Friday, March 4, 2016

As Long As You've Got Your Health (1966)

Pierre Étaix, in collaboration with Jean-Claude Carrière, presents in the so-called An Entertainment in Four Acts, an uproariously funny worldview of the modern society. Although made in the 60s, "As Long As You've Got Your Health" (1966), an anthology of four comic shorts, is as relevant today, as the time it was conceived.

All four shorts are loosely related in the way they serve as a biting commentary on the excesses of modernization, consumerism, urbanization and its associated effects on human life,  albeit exaggerated to absurd proportions for comedic effect.

In the first segment "Insomnia", Étaix sits with a vampire novel in bed. The sheer ingenuity on display is extraordinary in the way a simple activity like reading a book is turned into an extended visual gag. A tiny detail like even the transparent cover of a book manages to develop into a funny idea and you are left applauding with amazement as the material that Étaix's character reads, visually manifests into what looks like a silent era vampire film.

Actions repeat, or are sometimes seen upside down, in a visual translation of his handling of the book. The story in the novel unfolds and its reader gets increasingly unsettled, especially when he starts to imagine things. The effectiveness of fiction, the craze, the captivating power of this form of art, and the way in which we literally let a story become a part of our reality is illustrated with this subtly funny and clever segment.

Next up is the visit to "The Movies", a superb, well observed episode that satirizes every minute detail that is associated with the activity of going to the cinemas. The long queues, the robotic movements, audiences least interested in the film and only interested in sleeping or chatting or making out, while the genuine ones waiting to get a glimpse of the screen struggle with their seating arrangement; all familiar aspects covered in a riotous fashion.

The segment takes a wildly surreal turn when the commercials on the screen meld with the reality of the protagonist, as he finds himself visiting an entire family that's a living, breathing, commercial with advertising products in day to day conversations, being a part of their lifestyle! This is the most unnerving segment of the lot with some urgent and restless jazz score in the background, infused to accentuate the effect of a relentless assault of sales commercials in the visual media, enslaving the audiences, and nurturing the consumerist/materialist culture prevalent in society. This is perhaps the best segment of the four.

The third episode is the title segment that shifts focus to the aspect of rapid industrialization and urbanization, and its detrimental effects on the peace and well-being of an individual. And therefore, it opens on an almost apocalyptic but hilarious note that sees an entire city trembling from the vibrations of large machines doing road repair work, as cranes, cars, and other contraptions add to the noise and air pollution. Entire structures begin to feel the tremors, indoors as well as outdoors.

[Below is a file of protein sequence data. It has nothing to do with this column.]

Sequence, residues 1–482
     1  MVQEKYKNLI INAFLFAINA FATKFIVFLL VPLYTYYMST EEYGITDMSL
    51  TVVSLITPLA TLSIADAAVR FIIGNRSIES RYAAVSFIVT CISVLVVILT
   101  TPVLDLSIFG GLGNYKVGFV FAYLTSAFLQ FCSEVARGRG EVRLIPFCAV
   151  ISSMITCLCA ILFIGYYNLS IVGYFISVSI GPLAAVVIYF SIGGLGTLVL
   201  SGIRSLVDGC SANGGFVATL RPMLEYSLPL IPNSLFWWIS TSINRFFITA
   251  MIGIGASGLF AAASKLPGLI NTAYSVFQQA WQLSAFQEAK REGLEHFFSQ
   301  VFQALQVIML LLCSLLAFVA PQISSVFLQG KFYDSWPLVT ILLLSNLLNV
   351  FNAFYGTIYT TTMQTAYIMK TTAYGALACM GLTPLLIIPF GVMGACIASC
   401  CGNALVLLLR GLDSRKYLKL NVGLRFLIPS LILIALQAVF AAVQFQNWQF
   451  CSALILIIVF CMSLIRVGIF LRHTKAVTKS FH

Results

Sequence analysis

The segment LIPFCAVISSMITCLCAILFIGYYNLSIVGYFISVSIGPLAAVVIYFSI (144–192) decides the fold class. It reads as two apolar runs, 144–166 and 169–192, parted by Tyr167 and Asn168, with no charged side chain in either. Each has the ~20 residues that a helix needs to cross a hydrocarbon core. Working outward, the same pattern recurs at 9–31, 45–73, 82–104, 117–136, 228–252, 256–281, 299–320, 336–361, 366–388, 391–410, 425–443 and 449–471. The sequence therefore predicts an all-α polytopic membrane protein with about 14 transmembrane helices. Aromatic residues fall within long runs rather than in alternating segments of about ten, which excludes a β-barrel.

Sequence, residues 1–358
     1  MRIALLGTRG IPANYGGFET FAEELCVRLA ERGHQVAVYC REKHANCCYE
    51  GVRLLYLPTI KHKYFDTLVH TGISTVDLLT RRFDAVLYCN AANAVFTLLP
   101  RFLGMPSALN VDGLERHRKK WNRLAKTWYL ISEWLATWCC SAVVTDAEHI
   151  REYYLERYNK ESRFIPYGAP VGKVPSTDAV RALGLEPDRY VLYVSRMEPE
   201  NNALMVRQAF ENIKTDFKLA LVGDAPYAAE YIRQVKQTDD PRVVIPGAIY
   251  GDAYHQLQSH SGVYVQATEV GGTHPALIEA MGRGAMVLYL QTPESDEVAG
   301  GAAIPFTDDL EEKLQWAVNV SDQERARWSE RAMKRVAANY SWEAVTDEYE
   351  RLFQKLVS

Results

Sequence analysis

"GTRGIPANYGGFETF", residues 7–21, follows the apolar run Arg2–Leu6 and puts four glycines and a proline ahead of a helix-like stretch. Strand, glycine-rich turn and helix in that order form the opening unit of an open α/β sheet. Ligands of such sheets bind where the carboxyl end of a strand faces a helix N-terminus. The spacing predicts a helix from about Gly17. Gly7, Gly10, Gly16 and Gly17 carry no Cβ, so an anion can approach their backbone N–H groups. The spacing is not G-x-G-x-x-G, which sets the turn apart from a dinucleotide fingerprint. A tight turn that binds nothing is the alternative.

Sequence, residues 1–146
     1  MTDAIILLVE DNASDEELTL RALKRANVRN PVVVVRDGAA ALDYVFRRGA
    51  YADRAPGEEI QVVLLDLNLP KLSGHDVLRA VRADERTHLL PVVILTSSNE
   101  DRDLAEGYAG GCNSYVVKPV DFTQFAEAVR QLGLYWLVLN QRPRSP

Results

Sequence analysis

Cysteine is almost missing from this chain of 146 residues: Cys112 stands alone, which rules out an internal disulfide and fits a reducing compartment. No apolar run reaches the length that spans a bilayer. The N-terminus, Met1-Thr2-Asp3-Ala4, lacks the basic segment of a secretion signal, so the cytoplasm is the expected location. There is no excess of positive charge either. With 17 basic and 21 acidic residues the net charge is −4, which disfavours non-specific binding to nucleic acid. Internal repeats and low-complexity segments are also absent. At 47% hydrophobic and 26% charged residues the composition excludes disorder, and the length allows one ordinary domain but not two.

The fast life and lack of peace leads to an inevitable stress for mostly all individuals including a doctor himself who becomes a bundle of nerves even in the process of prescribing medicines! And in the midst of all this is yet another media/ad campaign urging everyone to keep smiling, no matter how bad the situation in the street on a regular, chaotic city day! The crowd complies with the smiling campaign, while the chaos continues, resulting in a wickedly funny situation of conflicting reactions; and yet very much the sad reality of our existence. Aren't we all left with no choice but to smile through all the mundane rigmaroles?

The final section shifts the action to a more serene atmosphere in the country, away from the city hustle and bustle. A hunter out to get some fowl in a farm land, inadvertently becomes a catalyst troublemaker for a couple of picnickers and a farmer trying to fix a fence around his field. The comedy in this segment may seem to be a tad repetitive or borderline silly, but its essence, the transportation to the country, is the real take-home.

Despite escaping from the troubles of the city, a city-bred couple can never find any real peace of mind, no matter how far away they go, and will always carry their problems with them, even literally, in the form of an overfilled bag with unnecessary urban items, something that more or less destroys the very purpose of a quiet country outing.

Lost for many years along with other Étaix films, the restored version of "As Long as You've Got Your Health" is technically well-accomplished, and meticulously structured. Pierre Étaix's comic timing is impeccable and the visual gags are mostly great and well executed, barring some exceptions that border on the juvenile. Each segment uses a visibly distinct colour tone.

A grainier, rougher picture texture is used for the vampire episode to give it a look of the silent era, against the more polished, sharper look rendered to the present day scenario. Some finer quirks add to the humour quotient much to our amusement. For example, one cannot help but smile when characters reappear across segments, especially the couple in the theater and their numerous but failed, interrupted attempts at making out!

Add "As Long As You’ve Got Your Health" to your watch-list. It is just above an hour full of visual entertainment that's sure to tickle your funny bone. A constant smile and occasional peals of laughter guaranteed!

Score: 8/10

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